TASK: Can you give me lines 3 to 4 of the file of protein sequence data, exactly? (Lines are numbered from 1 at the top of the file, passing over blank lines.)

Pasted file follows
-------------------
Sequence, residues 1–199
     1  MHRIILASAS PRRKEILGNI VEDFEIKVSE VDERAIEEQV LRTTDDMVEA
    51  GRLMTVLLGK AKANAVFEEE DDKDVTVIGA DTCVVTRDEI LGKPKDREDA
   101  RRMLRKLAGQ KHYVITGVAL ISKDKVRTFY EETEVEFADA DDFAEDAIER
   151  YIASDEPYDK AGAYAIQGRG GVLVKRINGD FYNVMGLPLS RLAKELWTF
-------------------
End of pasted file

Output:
    51  GRLMTVLLGK AKANAVFEEE DDKDVTVIGA DTCVVTRDEI LGKPKDREDA
   101  RRMLRKLAGQ KHYVITGVAL ISKDKVRTFY EETEVEFADA DDFAEDAIER